“Parties are permitted to issue trial subpoena duces tecum to another party but only for the purposes of securing materials for memory refreshment, trial preparation, or to ensure the availability at trial of original records previously disclosed in discovery.” Hatcher v. Precoat Metals, 271 F.R.D. 674, 675 (N.D. Ala. 2010). Rule 45 subpoenas, however, may not be used to circumvent the Court's discovery deadline. Rice v. United States, 164 F.R.D. 556, 558 (N.D. Okla. 1995). When a party serves a Rule 45 subpoena duces tecum for trial seeking discovery that should have been secured during the discovery period, the subpoena is properly quashed. Id.; Ghandi v. Police Dept. of City of Detroit, 747 F.2d 338, 354-55 (6th Cir. 1984). A Rule 45 trial subpoena, therefore, cannot be substituted for an untimely Rule 34 document request. Mortgage Info. Services, Inc. v. Kitchens, 210 F.R.D. 562, 566-67 (W.D. N.C. 2002) (quashing a Rule 45 trial subpoena duces tecum served outside the discovery period).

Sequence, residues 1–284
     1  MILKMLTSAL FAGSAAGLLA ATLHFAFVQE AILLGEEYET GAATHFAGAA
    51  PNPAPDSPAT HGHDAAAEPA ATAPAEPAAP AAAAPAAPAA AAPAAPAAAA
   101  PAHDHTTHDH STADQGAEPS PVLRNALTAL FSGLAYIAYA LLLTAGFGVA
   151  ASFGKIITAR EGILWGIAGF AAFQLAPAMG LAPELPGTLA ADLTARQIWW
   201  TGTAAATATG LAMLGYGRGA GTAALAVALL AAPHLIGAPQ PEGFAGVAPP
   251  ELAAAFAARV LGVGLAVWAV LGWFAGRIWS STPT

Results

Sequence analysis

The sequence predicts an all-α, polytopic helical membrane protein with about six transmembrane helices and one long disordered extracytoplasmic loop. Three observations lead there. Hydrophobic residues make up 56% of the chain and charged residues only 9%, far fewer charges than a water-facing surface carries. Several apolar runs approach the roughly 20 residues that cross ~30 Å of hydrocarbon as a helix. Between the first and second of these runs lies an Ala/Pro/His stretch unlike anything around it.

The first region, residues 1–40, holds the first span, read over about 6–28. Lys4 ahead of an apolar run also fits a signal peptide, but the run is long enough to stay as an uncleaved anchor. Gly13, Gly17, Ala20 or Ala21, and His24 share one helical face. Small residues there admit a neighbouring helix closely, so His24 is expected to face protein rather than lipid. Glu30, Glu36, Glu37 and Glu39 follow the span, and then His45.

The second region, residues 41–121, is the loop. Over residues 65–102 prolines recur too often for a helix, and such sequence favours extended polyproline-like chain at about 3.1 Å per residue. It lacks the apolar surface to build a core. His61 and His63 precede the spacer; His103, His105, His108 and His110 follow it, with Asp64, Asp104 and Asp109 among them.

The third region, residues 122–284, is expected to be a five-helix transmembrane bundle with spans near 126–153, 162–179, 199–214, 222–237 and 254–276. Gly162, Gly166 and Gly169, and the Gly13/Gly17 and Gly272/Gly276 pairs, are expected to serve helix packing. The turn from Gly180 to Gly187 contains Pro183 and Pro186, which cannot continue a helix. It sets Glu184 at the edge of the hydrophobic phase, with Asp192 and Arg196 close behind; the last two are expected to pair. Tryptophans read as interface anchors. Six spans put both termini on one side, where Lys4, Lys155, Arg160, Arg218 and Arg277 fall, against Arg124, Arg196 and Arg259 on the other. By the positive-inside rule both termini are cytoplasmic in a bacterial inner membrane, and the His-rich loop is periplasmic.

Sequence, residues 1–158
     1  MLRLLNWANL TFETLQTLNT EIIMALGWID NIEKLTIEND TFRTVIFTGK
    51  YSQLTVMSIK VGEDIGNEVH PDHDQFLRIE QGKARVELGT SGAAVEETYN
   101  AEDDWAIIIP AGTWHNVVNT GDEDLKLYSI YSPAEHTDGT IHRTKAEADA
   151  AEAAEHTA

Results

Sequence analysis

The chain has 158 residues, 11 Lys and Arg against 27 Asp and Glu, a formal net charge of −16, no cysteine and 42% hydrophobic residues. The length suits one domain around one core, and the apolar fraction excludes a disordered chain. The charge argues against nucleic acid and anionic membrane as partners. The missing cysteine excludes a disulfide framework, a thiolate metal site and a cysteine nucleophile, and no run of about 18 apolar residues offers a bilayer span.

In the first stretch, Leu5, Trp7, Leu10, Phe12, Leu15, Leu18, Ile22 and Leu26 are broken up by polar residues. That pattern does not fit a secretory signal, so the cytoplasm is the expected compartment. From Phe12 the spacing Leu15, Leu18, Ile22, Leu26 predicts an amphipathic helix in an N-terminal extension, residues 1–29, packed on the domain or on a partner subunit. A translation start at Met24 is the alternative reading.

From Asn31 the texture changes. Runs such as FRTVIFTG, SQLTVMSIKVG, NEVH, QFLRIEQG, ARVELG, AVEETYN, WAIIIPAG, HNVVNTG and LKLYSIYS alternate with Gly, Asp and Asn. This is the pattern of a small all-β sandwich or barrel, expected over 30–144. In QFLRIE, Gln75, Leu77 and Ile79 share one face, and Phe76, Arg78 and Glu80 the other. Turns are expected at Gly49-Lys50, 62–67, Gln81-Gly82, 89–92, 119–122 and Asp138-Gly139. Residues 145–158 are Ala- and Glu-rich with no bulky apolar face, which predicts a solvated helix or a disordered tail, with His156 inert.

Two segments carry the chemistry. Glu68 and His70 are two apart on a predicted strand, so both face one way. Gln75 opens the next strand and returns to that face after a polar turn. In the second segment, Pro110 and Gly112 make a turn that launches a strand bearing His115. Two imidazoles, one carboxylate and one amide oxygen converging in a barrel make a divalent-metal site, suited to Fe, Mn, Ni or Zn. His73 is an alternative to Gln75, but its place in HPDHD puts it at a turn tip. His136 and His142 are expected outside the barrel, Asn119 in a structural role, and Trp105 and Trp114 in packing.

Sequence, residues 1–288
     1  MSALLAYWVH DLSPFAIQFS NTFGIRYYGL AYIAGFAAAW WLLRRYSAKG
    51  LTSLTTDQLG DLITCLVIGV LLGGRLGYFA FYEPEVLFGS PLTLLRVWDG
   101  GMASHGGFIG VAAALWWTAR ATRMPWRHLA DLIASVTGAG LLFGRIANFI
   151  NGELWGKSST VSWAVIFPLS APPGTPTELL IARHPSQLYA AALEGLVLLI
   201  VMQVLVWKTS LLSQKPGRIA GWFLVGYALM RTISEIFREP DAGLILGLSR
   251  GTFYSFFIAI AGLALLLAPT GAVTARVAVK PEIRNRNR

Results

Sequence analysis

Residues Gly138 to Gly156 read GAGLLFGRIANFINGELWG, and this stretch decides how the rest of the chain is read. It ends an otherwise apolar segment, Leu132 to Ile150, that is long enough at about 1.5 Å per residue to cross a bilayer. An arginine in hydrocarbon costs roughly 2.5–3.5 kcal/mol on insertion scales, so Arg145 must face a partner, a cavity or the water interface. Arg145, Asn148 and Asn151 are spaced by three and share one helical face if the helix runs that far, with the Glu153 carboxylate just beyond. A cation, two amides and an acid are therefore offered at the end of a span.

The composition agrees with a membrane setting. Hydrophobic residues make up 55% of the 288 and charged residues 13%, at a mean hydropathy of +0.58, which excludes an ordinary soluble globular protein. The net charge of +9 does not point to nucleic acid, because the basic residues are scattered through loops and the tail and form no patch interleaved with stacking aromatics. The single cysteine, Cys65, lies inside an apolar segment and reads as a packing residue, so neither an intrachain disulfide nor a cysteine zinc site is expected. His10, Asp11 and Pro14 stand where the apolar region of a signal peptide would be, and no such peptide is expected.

Having carefully reviewed the items requested in Plaintiff's Rule 45 trial subpoenas, the Court concludes that the duces tecum portions of the subpoenas should be quashed. As another district court observed in similar circumstances: “Even a cursory reading of the subpoena[s] clearly establishes that the documents sought are, without question, the basic bare bones requests that would have been appropriate under Rule 34 [prior to the discovery deadline].” Hatcher, 271 F.R.D. at 676. Indeed, the actual costs and expenditures for shared components that Plaintiff now seeks has been one of the central issues in this litigation. If Plaintiff were not satisfied with the financial records previously produced by Defendant during discovery, his remedy was to move (timely) to compel production; yet, he never did so. Hernandez v. City of Corpus Christi, 2011 WL 2194254, at *1 (S.D. Tex. 2011) (quashing trial subpoena duces tecum where “Plaintiff never sought Court resolution of any prior alleged failure to produce documents”). Discovery now having been closed for several months (since October 2016), Plaintiff cannot circumvent that deadline by seeking to obtain those records through trial subpoenas.